So you’ve signed the contract, the ink is dry, and now your book is in editing. Yay! Welllll…maybe. There are times when authors will have differences of opinion with their editor, and this can either go well or make you want to mainline Drano. Let’s face it, there are few authors who agree with every suggestion their editors bring up. Ten years in the biz has afforded me all kinds of experiences in the editor chair, so I thought I’d offer some perspective that may help you when your manuscript is under the bright lights.
Is It OK to Disagree?
YES. There have been many times where I felt something wasn’t working, and recommended it be edited out, and the author didn’t agree with the suggestion…and there’s nothing wrong with that. On more than one occasion, I’ve had authors write back to say they were very married to a section I wanted to cut. We talk about it and reach some resolution. Sometime it turns out that the scene is a key piece, but simply needs further development.
I’m good with this because I can’t appreciate the importance of a scene if it isn’t fully developed. But if you disagree with me, we can talk further to where I may see that cutting a scene would be the wrong thing to do. If you’re too nervous to say anything, then your book may suffer for it. You know your book and its intent better than anyone, so you are its best advocate during the editing phase.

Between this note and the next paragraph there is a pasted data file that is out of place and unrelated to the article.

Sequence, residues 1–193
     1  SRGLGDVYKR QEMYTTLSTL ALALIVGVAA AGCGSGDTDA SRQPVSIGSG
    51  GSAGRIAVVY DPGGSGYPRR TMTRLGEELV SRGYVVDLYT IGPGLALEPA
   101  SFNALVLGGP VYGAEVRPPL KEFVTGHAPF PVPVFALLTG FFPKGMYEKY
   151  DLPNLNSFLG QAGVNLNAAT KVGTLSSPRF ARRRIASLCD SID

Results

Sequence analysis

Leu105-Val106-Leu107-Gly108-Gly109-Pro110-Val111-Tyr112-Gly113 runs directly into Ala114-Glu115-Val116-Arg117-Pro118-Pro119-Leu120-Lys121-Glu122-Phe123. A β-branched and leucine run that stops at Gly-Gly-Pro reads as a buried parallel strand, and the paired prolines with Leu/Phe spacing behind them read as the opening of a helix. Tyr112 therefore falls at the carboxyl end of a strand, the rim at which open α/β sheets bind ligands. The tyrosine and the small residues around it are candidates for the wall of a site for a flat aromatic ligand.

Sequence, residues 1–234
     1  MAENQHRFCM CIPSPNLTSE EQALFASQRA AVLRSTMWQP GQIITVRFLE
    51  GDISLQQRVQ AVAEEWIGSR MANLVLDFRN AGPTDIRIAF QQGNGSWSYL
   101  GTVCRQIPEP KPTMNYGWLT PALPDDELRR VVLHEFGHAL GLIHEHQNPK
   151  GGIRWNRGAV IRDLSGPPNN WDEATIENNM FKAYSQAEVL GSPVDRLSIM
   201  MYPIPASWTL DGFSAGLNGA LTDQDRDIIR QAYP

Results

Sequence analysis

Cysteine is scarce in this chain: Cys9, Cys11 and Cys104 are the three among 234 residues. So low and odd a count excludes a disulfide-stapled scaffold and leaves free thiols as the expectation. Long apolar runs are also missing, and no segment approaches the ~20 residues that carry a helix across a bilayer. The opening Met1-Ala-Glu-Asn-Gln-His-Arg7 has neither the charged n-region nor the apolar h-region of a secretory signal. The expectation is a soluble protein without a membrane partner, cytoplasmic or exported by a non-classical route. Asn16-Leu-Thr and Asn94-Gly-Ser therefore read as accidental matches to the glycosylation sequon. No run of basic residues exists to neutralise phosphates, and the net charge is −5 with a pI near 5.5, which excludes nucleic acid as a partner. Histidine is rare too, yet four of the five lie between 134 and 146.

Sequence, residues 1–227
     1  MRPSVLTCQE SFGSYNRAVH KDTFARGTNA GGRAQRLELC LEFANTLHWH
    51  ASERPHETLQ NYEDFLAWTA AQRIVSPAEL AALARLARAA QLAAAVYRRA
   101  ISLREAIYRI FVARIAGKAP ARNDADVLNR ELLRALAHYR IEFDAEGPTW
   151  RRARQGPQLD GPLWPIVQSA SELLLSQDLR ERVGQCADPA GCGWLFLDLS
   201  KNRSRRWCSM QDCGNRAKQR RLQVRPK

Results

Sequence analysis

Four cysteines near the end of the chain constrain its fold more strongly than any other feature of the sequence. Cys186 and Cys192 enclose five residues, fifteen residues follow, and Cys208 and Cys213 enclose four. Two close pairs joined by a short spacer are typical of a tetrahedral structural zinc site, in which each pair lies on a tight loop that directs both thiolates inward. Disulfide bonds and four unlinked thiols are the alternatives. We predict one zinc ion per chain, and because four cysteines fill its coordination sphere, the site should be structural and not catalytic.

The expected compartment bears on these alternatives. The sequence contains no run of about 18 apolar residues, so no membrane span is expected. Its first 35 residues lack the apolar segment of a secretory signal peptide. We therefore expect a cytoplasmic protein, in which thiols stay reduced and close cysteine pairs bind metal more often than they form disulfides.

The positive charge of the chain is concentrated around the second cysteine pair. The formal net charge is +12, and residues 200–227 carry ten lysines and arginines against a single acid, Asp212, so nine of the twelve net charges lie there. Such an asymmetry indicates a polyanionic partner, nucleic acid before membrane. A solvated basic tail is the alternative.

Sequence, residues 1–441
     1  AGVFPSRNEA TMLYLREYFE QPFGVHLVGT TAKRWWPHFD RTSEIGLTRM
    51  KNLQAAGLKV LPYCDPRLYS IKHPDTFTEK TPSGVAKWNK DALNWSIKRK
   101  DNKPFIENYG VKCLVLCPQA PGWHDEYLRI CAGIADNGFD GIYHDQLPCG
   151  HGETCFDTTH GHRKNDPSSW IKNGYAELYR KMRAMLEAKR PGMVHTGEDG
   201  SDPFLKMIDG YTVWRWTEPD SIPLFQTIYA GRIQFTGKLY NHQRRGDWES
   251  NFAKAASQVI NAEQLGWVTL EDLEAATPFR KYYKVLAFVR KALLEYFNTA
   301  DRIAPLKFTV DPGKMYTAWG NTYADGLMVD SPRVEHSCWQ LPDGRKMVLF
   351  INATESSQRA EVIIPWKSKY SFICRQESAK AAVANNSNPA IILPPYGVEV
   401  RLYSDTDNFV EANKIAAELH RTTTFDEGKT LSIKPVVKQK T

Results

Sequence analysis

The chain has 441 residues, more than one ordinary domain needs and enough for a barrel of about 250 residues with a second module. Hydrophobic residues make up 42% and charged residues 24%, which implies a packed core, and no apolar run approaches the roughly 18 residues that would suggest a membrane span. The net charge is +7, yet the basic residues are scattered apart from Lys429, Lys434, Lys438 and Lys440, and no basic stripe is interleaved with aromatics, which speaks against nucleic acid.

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Trust Your Editor
A loaded bullet, to be sure. Most of the time you don’t even know your editor, so how do you know if she’s any good? Simple. You have faith in your publisher. You’ve read their books (or you darn well should have), so you have a solid idea of their quality. It’s vital that you trust your editor because theirs is the final word. The better you work together, the better the product.
I had an odd experience a few years back. I wanted to sign an author, and she wanted me to sign her, so we met for lunch. Her book was very good, but it definitely needed a strong editorial hand. When I discussed this with her, she became very protective because she was terrified that editing meant completely changing her work into something unrecognizable. I assured her that this would not only be a huge waste of our time, but there would be no point to sign her. Her agent reinforced my claims.
She was still nervous, and I decided not to sign her. If she’s this nervous now, before we even begin editing, what is she going to be like once we begin the process? It boiled down to the fact that she didn’t trust me. Then again, she wouldn’t trust anyone – and that’s a dangerous position to be in. If you have designs on being well-published, you’re going to need to place your trust in your editor. Talk to her, discuss the kind of edits she has in mind for your book. There is nothing worse than working with an author who doesn’t trust you.
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Whenever I edit a scene out, I justify it in the margin comment, so the author understands my reasoning. If you want to fight for a scene or character, or backstory, then you need to justify it to your editor. “Because I really love it,” won’t fly. Won’t even float. You need to provide a solid foundation as to why you’re fighting for something to stay in. If your editor tells you it slows down the pace and doesn’t move the chapter along, then you have to justify why that isn’t the case.
That doesn’t mean she’ll buy it. Her word is final, so if you have a compelling reason for keeping something in, you gotta make sense. If you can’t, then your editor will probably rule against you and toss it. If so, let it go.